John Piper on Altruism

I think Piper may have paid us a backhanded compliment in a recent column at Crossmap:

… Doing right for right’s sake is atheistic. Christian’s should do what’s right for God’s sake; because the Bible teaches us to do everything for the glory of God (1 Corinthians 10:31). But God is not glorified if we leave him out of account, and say that doing a right deed is it’s own justification. Nothing is its own justification, if God is left out.

Piper is rejecting altruism. Not because he doesn’t believe it exists but because he doesn’t believe it is right. We should do good works for God’s sake, because that glorifies and brings us closer to Him.

It’s been said that the core of Reformed Christianity is the absolute majesty and honor of God. It makes sense that everything you do should revolve around honoring God. It makes you look like a bit of a toady, but I suspect that Piper would take that as a compliment.

Suppose I go to visit Ethel in the hospital, an older lady who just had a heart attack. I lay my hand on her tiny arm and she opens her eyes and says, “O pastor, you didn’t need to come.” Suppose I respond, “I know, but it was my duty to come. It was the right thing to do for it’s own sake. So I came.” That answer, does not make Ethel feel loved.

But suppose I say, “I know, but it always makes me happier in God, Ethel, to bring some encouragement to you, and lift you up into what the Lord has promised.” Ethel would never say, “You are so selfish. All you ever think about is what makes you happy.” She wouldn’t feel this, even though I did say, “It always makes me happier. . .” And the reason she wouldn’t is that my pursuit of more joy in God by doing good to her, and wanting her to be part of it, is what genuine love is.

Here I’m reminded that Martin Luther was a monk and Calvin was a lawyer. Human relationships weren’t their specialty. Simply telling Ethel that you value her and her happiness would do more for her than giving her a sermon on God’s worthiness. People like to be valued, but I suspect that Piper follows the rigid logic of his tradition and says that only God has value.

May God protect us from the atheistic notion of doing right for right’s sake.

If you want to hang the banner of altruism around our necks, Mr. Piper, we’ll be happy to wear it.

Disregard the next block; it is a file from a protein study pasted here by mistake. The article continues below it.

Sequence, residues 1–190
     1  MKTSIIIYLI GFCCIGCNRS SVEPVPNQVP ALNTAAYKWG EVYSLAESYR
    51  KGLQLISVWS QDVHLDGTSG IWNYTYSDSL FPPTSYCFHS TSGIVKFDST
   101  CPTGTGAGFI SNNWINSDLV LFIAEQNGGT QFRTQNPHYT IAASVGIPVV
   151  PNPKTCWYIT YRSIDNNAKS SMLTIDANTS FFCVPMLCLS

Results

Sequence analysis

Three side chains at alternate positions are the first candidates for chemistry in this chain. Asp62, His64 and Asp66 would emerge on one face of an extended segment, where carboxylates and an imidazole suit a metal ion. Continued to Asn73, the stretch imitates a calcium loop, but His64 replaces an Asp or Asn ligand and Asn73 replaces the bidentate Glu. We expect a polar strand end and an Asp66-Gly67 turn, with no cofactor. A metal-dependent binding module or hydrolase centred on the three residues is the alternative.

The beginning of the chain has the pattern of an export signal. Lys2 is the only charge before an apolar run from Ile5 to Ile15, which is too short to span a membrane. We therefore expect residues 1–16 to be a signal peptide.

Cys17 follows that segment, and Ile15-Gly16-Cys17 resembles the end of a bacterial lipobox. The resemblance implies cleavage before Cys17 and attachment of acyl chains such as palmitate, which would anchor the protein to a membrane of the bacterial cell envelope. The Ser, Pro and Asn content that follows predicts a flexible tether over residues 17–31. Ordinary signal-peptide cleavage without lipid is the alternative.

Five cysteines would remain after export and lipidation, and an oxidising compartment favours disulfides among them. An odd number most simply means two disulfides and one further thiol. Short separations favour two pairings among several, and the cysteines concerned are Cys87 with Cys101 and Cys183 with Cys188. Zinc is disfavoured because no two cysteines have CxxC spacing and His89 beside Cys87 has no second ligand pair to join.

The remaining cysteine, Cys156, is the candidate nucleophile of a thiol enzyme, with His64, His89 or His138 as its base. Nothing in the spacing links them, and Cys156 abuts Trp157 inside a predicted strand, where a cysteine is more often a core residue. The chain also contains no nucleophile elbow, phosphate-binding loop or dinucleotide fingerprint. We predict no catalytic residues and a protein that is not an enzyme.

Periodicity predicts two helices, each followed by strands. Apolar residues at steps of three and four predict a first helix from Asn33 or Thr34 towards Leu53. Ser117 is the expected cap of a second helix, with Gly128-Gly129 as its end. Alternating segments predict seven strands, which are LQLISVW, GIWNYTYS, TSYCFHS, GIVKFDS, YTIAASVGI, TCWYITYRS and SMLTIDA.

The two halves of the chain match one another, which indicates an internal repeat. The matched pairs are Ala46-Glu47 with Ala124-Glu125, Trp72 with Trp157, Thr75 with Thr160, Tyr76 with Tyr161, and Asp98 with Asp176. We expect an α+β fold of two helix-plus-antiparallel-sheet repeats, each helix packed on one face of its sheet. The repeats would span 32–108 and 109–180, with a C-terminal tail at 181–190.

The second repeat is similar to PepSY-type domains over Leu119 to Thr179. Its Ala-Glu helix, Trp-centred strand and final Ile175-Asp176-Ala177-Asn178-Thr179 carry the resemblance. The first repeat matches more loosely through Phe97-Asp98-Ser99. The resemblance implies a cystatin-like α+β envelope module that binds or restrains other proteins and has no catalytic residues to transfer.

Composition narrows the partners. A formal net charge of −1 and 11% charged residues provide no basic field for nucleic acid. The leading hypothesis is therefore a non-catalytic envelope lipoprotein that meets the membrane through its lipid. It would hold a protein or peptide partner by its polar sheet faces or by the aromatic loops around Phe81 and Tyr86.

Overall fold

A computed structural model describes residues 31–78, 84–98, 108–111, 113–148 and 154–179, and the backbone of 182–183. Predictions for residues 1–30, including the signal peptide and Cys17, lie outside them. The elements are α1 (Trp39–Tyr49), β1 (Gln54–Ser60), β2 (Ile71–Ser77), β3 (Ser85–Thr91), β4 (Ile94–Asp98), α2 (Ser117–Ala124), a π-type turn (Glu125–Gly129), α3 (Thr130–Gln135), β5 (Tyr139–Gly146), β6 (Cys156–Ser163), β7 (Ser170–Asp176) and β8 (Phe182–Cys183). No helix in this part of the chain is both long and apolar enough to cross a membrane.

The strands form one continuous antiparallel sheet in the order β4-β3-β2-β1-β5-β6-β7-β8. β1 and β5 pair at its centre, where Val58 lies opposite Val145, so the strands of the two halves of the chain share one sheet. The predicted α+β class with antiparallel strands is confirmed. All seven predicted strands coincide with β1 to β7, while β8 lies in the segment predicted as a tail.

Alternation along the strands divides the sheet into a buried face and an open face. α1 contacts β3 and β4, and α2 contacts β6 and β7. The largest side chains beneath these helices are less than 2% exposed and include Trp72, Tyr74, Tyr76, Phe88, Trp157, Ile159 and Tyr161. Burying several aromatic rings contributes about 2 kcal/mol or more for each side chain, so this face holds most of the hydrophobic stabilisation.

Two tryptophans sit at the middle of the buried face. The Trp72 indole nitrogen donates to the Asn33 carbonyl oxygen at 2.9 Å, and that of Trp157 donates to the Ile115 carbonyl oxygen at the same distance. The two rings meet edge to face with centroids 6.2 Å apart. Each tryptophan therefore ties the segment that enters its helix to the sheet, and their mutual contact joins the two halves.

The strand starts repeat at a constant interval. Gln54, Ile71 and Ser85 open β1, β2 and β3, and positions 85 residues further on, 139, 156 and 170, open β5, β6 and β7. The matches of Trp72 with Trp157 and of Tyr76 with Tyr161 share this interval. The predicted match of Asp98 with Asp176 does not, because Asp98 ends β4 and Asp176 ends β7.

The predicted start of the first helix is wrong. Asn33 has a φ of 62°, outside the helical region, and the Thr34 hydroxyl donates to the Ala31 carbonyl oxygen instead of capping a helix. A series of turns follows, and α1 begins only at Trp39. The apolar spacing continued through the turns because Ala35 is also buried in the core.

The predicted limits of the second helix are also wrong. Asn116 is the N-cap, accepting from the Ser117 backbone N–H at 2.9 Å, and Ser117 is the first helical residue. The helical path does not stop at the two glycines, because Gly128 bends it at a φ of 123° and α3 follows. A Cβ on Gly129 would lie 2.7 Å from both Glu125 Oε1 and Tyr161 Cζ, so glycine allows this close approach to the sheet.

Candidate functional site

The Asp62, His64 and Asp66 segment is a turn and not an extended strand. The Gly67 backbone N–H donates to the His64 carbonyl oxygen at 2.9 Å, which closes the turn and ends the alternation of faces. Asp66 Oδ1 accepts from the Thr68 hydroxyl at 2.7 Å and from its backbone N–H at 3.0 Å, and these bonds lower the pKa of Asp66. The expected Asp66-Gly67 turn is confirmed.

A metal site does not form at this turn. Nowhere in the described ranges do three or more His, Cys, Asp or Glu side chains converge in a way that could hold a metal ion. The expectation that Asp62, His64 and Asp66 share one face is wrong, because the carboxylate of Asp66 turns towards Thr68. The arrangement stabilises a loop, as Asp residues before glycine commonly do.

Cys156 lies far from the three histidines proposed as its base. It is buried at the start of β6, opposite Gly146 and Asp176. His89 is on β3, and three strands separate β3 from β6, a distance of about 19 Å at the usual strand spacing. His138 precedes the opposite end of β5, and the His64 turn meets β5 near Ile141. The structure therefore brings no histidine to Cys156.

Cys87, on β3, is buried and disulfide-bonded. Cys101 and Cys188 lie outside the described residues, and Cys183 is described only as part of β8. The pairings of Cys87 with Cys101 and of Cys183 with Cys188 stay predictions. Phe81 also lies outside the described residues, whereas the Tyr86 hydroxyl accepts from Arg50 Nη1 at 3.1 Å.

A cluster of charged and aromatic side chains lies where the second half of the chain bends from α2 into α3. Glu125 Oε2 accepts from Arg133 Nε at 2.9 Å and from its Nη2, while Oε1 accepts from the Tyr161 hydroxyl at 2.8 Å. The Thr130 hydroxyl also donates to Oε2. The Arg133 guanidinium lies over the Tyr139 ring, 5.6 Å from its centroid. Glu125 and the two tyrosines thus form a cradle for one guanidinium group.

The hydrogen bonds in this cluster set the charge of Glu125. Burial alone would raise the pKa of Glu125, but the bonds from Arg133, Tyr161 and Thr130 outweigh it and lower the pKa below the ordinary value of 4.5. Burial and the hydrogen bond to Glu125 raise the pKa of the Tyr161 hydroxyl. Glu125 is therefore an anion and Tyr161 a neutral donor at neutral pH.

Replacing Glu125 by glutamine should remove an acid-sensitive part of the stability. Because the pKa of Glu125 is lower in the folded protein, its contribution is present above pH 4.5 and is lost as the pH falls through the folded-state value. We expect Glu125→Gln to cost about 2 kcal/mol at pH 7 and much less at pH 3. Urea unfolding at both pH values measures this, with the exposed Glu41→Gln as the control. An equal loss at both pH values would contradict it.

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  • The Other Weirdo

    Suppose I respond, “I know, but it was my duty to come. It was the right thing to do for it’s own sake. So I came.” That answer, does not make Ethel feel loved.

    Who talks like that? I suppose people who think doing right for right’s sake is wrong.

  • Michael

    In both cases he says nothing about the woman he is talking to, Ethel. In both cases he says he came out of duty. How about saying you actually wanted to see her?

    • guest

      I was about to say this. How about visiting Ethel for Ethel’s sake? To me, real love is putting the person you love first.

      If someone came to visit me and said they were doing it for God’s sake
      I’d feel like they were pretending to care about me to boost their own
      ego. I’d also wonder why God never brought me any grapes. Or a ‘get
      well’ card.

  • BobaFuct

    So basically, he’s saying that Christian morality is nicely summed up in the song “Santa Claus is coming to town.”

  • GCBill

    I…don’t get Piper’s thinking at all. Normally, when we call an action morally good, its goodness is sufficient reason for us to perform it. Most Christians understand this, hence why they’ll make God’s will/word the ultimate justification or source of goodness, as opposed to denying the validity of altruistic action. Piper alludes to this school of thought briefly when he says that “Nothing is its own justification, if God is left out.” Notice that if he’s right, it necessarily follows that there is *no such thing* as good for goodness’ sake. So he should have concluded right out of the gate that altruism was impossible. Yet if you read the student’s question, Piper makes a point of circumventing the ontological issue altogether. If he understood the implications of his own claims, he should’ve made the point that what *appears* to be altruistic actually isn’t (because while done for its own sake, it isn’t actually good). Am I asking too much for some logical consistency in the views I find abhorrent?

    • kessy_athena

      Is it too much to ask for logical consistency? In a word, yes. Remember that for people thinking in terms of ideology, logic is simply a means of reinforcing the conclusions they’ve already reached about why they’re so much better then everyone else. When logic (or anything else) fails to serve that purpose, it gets chucked overboard without a second thought.

      • Michael

        It might be worth pointing out that most people don’t throw out logic on purpose, they just don’t realize how hard they’re rationalizing.

        (Some people do in fact throw out logic on purpose, though.)

        • kessy_athena

          That’s certainly true. And ideology has a certain perverse logic all its own. I suppose the real lesson is to never underestimated the human power of rationalization, or our ability to lie to ourselves. Of course using logic to justify a decision after the fact isn’t necessarily a bad thing – we all do it all the time. Most of the time, humans make decisions quickly, intuitively, subconsciously. Our conscious minds then play catch up and provide a rationalization for the decision. I think the problem arises when we put too much credence in our quick decisions because we believe our own rationalizations too much.

  • Mark Joseph

    Ma taught us to tell the truth because otherwise we would be punished and go to Hell. Our father taught us to be honest because truth is good in itself. Ayaan Hirsi Ali, “Infidel”, p. 45